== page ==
“On the 13th of August, 2021, barely two months after the initial claim and about four months into the policy, the insured lodged another claim following an accident involving the same insured vehicle which he stated that he rammed into a moving trailer. He presented a quotation of Thirteen Million, Four Hundred and Forty-Three Thousand, Nine Hundred and Eighty-Two Naira, Seventy-Seven Kobo (N13,443,982.77) being the cost of repair of his Mercedes Benz E300. As usual, we engaged an independent loss adjuster who adjusted the claim to Three Million, Seven Hundred and Sixty-Nine Thousand, Nine Hundred and Forty-One Naira, Fifty- Six Kobo (N3,769,941.56).

 

“On the 10th of September, we communicated a formal net offer of the sum of Three Million, Seven Hundred and Eleven Thousand, Nine Hundred and Fifty-Five Naira, Nine Kobo (N3,711,955.09) and forwarded discharge form for cash in lieu of repairs, given that the insured appeared to want to write off the vehicle despite it being repairable.

 

“The Insured rejected our offer, insisting that we should settle him on the basis of the sum insured which is contrary to the insurance principle of indemnity as we would be putting the insured in a position far better than he was immediately before the accident.

 

“In accordance with standard policy terms, an insurance company can either ‘repair, reinstate, or replace’ the damaged vehicle. The choice is solely dependent on the professional assessment of the extent of damage. It is also worthy to note that where an accident results in a loss with repair value in excess of 55% of the Sum Insured Value of the vehicle, it is treated as a ‘constructive total loss’, entitling the insurer to pay for replacement of the vehicle and the possession of the salvage (i.e., the damaged insured vehicle). In this case, the cost of repair was 25.1% of the Sum Insured Value of N15m, which is far less than 55%.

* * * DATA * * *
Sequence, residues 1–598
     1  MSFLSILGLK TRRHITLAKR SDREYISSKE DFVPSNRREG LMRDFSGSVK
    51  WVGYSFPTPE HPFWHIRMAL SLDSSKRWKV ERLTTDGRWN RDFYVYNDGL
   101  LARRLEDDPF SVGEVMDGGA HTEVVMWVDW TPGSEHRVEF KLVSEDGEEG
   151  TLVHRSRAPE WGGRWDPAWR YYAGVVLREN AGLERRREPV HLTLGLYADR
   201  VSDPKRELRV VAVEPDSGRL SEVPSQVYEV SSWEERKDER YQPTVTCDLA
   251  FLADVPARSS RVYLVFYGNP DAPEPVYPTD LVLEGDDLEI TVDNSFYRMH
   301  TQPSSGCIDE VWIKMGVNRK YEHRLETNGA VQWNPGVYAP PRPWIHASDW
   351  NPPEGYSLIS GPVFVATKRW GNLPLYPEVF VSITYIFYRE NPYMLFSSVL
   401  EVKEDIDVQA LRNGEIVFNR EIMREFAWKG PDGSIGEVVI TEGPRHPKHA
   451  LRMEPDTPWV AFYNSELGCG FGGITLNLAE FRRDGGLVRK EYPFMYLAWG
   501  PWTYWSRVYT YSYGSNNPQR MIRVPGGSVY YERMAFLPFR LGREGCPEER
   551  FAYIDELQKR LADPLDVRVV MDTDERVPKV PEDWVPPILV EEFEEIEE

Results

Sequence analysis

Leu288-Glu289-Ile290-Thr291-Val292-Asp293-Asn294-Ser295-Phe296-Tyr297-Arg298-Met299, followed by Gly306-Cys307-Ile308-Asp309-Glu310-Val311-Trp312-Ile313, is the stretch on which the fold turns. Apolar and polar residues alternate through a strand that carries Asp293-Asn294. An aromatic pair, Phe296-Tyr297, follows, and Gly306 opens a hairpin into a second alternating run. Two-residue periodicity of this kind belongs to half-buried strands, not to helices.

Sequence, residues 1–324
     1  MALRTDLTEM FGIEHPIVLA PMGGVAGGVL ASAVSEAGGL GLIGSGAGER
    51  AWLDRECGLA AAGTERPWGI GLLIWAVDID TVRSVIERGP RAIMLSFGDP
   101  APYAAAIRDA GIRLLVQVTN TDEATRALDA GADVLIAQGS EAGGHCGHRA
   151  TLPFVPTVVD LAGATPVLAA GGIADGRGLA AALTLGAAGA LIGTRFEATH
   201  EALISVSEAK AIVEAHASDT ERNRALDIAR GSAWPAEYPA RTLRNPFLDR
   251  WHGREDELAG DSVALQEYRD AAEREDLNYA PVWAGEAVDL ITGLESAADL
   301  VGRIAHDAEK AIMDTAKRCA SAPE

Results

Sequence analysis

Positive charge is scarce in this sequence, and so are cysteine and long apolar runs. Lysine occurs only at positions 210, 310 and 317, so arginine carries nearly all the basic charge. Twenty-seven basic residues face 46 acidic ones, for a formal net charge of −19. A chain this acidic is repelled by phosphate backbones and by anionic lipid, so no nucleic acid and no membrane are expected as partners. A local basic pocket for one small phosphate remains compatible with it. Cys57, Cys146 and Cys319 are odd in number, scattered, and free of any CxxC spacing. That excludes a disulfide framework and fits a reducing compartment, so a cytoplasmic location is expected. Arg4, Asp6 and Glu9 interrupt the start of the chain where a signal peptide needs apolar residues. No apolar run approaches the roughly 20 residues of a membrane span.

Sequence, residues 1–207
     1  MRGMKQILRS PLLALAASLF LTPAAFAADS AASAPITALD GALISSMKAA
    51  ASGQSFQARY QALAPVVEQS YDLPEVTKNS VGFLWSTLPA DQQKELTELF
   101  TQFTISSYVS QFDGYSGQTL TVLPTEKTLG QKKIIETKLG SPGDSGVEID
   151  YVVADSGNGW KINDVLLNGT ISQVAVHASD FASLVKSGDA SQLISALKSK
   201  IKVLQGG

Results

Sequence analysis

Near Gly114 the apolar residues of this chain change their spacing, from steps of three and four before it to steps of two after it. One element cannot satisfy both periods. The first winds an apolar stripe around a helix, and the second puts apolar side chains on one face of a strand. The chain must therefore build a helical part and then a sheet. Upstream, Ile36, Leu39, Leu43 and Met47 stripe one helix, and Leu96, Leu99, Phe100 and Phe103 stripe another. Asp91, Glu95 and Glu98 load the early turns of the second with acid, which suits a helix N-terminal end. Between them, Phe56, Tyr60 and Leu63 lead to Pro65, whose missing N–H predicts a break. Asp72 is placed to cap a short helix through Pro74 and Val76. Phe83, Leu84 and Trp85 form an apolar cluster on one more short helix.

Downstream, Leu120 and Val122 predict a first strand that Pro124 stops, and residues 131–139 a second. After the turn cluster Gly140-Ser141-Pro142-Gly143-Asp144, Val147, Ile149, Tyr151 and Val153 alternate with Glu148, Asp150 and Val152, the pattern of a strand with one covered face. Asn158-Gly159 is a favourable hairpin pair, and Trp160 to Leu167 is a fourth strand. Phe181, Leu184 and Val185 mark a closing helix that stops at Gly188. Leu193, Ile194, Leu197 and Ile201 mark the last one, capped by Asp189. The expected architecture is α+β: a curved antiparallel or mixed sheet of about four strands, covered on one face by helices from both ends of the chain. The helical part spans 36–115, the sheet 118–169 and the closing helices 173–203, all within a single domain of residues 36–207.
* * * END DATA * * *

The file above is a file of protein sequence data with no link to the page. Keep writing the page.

“The demand and insistence of the insured to claim full value of the insured vehicle appeared to be fraudulent, leading us to investigate why he wants to profit from insurance, particularly after the first accident with a similarly inflated claim that we allowed despite our reservations about it.











“In the course of our investigation, we discovered that the insured had purchased the vehicle as an accident vehicle via auction with primary damage to the front end, secondary damage to the right front and other internal issues which the insured had fraudulently concealed from the insurer at the point of taking up the policy.

 

“From the second accident, the insured in his quotation included some vehicle parts which had been damaged at the time he purchased the accident vehicle and prior to the second accident claimed by him. Rather than deny his second claim altogether, we accepted the dodgy fact of a moving trailer, superficial injury following this moving trailer story and still made an offer on parts that could have been damaged, assuming his story to be true.

Please note that we remain reputable for our payment of genuine claims and hold ourselves to high standards of best practices.

 

“This is evident in Mr. Jolayemi Woleola’s claim that was settled earlier in the year and our net offer of Three Million, Seven Hundred and Eleven Thousand, Nine Hundred and Fifty-Five Naira, Nine Kobo (N3,711,955.09) less policy deductions, being the independently adjusted cost of repairs for his alleged damaged vehicle from an accident with a moving trailer.

 

“We kindly request that you retract your publication by publishing our facts and also circulate to counter the fraudulent use of your media in an attempt to blackmail us on an entitlement that is not due to the insured. This would also help in educating and enlightening the public on insurance matters.”

Leave a comment